# Riemann manifolds in relation to other classes of differentiable manifolds

I am trying to get an overview over the different categories of manifolds. In particular i have the following chain of inclusions: Riemann surfaces $\subset$ complex manifolds $\subset$ orientable manifolds $\subset$ conformal manifolds $\subset$ differentiable manifolds

I hope this is correct, in case there is an error please hint me in the direction of an instructive counter-example. My confusion now is the following: Where do Riemann manifolds fit into this picture? Despite the name, Riemann surfaces are defined as complex manifolds (of real dimension 2) and therefore are not necessarily Riemann manifolds. Now, every differentiable manifold (paracompact) can be equipped with a Riemann metric. What does it then mean, when i read somewhere that a manifold is not a Riemann manifold? For example: the Riemann sphere $\widehat C$ is said not to be a Riemann manifold in the article http://en.wikipedia.org/wiki/Riemann_sphere. As i understand it the reason is that every comlex manifold is orientable while the Riemann sphere $\widehat C = \mathbb R \mathbb P^2$ is not. But it is also said that it can be given a metric g that is isometric to the sphere $S^2 \subset \mathbb R^3$. But the spaces are not homeomorphic, so i guess what is meant here is 'local isometry', i.e. map that pulls back the metric and not 'isometry'(diffeomorphism which is a local isometry), or am i wrong? Now does it mean to say a differentiable manifold is a Riemann manifold iff it admits up to isometry only one metric?

• Note that the Riemann sphere is actually homoemorphic to $\mathbb S^2$, not $\mathbb{RP}^2$. – user99914 Dec 8 '14 at 3:48

The Riemann sphere is diffeomorphic to $S^2$, it is definitely not diffeomorphic to $\mathbb{R}P^2$. It is constructed via stereographic projection, but is not the projective plane.

The Riemann sphere is also definitely orientable. When they say that a Riemann surface "isn't a Riemannian manifold" they just mean that there isn't an obvious metric arising from the definition. This shouldn't be read to mean that there can be no Riemannian metric structure on it, nor even that there aren't ones that play well with the structure.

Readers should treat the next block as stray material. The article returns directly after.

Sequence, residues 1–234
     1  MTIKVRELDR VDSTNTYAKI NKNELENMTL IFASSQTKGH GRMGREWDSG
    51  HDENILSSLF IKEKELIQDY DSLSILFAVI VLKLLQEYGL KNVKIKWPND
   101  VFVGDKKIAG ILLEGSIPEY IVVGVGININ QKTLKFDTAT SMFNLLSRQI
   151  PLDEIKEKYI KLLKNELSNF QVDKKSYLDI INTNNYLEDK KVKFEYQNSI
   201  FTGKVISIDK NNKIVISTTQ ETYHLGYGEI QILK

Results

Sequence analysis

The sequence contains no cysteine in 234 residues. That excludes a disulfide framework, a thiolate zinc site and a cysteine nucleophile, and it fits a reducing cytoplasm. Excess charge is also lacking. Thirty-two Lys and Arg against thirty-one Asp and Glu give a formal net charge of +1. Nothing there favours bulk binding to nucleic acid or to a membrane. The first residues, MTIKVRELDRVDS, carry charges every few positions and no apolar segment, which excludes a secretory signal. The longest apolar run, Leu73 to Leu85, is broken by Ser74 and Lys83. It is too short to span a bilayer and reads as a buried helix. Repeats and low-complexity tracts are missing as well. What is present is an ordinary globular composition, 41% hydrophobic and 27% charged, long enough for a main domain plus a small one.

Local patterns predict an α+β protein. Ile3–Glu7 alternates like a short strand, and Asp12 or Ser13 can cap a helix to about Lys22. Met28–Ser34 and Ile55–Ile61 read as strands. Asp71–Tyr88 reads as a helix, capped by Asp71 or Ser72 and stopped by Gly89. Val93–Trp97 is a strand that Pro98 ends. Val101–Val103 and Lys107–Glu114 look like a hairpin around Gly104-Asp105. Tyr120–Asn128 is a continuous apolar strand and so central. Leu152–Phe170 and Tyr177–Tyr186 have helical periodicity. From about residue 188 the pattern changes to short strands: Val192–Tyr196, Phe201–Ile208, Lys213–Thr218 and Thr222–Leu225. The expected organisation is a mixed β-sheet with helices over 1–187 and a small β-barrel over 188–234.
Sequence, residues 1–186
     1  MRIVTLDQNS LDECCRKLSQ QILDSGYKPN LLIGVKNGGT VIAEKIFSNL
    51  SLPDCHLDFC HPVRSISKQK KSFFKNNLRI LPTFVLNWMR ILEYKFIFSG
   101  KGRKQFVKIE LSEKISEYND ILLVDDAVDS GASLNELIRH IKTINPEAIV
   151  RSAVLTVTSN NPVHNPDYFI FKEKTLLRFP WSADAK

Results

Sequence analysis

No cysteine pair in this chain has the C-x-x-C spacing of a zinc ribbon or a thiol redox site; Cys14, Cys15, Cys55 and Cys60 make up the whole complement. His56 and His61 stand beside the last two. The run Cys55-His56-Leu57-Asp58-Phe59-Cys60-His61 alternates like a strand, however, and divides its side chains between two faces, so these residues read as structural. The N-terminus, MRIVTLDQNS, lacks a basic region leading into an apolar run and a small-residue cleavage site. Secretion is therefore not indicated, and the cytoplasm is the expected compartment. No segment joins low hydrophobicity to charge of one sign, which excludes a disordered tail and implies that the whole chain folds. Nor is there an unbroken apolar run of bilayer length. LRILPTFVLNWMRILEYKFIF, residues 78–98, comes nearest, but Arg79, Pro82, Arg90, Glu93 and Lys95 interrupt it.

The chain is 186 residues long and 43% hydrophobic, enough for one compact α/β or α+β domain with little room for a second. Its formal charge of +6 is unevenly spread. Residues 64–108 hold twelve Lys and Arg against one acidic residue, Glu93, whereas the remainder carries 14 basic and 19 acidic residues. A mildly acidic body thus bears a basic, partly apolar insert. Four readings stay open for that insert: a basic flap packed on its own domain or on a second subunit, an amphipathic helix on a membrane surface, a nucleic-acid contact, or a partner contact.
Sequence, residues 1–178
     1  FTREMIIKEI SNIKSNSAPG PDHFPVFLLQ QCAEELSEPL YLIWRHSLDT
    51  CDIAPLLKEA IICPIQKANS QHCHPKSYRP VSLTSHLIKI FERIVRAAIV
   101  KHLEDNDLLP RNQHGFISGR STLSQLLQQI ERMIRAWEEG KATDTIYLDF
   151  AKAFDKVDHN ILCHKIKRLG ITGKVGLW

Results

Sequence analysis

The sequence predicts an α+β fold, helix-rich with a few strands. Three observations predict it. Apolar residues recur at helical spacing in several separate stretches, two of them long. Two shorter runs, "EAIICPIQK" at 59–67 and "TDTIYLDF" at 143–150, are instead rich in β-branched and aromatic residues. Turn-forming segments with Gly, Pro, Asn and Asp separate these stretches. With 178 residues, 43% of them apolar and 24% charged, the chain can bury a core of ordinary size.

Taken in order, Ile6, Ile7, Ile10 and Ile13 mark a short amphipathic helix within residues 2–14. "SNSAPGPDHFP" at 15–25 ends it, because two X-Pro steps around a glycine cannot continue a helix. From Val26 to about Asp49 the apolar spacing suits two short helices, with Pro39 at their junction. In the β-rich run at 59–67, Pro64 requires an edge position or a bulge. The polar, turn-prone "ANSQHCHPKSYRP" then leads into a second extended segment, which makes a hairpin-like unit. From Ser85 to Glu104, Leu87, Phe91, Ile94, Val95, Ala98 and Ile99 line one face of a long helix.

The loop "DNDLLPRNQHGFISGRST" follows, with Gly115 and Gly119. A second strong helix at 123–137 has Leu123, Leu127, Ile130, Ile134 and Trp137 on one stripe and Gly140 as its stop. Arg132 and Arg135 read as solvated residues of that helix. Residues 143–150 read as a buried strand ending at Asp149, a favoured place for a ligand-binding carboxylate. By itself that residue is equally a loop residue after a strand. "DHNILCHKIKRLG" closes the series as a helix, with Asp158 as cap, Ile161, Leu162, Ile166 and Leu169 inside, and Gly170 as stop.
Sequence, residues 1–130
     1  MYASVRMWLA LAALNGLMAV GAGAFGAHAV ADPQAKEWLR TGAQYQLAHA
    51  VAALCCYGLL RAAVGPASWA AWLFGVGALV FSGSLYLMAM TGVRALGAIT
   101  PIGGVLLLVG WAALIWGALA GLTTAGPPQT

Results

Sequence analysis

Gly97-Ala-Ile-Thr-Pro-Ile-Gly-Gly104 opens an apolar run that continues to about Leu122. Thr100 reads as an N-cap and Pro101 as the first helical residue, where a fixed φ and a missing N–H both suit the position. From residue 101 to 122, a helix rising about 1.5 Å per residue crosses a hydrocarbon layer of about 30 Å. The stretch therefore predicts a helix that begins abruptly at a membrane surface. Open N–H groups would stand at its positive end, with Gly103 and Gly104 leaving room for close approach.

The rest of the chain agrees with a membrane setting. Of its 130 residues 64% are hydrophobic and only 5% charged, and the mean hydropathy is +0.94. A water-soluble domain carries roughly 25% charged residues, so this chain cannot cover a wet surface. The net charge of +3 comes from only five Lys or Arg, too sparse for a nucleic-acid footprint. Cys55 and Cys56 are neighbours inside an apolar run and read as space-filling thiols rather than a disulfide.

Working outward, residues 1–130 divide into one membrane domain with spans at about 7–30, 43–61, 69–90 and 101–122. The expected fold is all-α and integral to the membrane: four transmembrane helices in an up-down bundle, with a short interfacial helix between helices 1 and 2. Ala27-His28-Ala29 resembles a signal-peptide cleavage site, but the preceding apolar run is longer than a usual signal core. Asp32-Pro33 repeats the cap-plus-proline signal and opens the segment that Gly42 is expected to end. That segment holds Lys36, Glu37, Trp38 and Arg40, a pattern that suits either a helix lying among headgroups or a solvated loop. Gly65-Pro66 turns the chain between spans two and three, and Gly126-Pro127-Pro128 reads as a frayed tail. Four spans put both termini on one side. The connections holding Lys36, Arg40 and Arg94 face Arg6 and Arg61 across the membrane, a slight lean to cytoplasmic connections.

Some of the inclusions in your chain are a little misleading. For example, you write "conformal manifolds $\subset$ differentiable manifolds." It is true that every conformal manifold is a differentiable manifold, because that's part of the definition of conformal manifolds. But it's not true that the class of all conformal manifolds is a "subclass" of the class of differentiable manifolds. In fact, every differentiable manifold can be given many different conformal structures. A conformal manifold is actually a pair: a differentiable manifold together with a particular choice of conformal structure. To say that a differentiable manifold is "not a conformal manifold" is just to say that no specific conformal structure has been chosen.

Something similar but more complicated applies to "complex manifolds $\subset$ orientable manifolds." Again, it is true that every complex manifold is orientable; but in this case, not every orientable manifold can be given a complex structure, and some that do have complex structures have many of them.

A better way to think about these relationships is by using the language of category theory. There is a functor from the category of conformal manifolds to the category of differentiable manifolds, which simply takes each conformal manifold to its underlying differentiable manifold. Such a functor is called a forgetful functor, because it "forgets" some of the additional structure of a conformal manifold. Each of the "inclusions" in your chain except the first can be interpreted as a forgetful functor. In some cases, they are surjective on objects, but none of them are injective on objects.

Now to Riemannian manifolds, which are differentiable manifolds with the extra structure of a Riemannian metric. There are forgetful functors from the category of Riemannian manifolds to those of conformal manifolds and differentiable manifolds, both of which are surjective on objects. But these functors don't fit neatly into your chain, because there's no forgetful functor from the category of complex manifolds to the category of Riemannian manifolds.

The first inclusion, "Riemann surfaces $\subset$ complex manifolds," is a little different. It really is an inclusion, because the category of Riemann surfaces is a full subcategory of the category of complex manifolds.

• Oh, you are totally right, that one has to view a conformal manifold as a differential manifold plus a choosen conformal structure on it. Thanks for all the clarifications, your post is very helpful! I guess many more questions of me will come up :) – Mekanik Dec 9 '14 at 23:19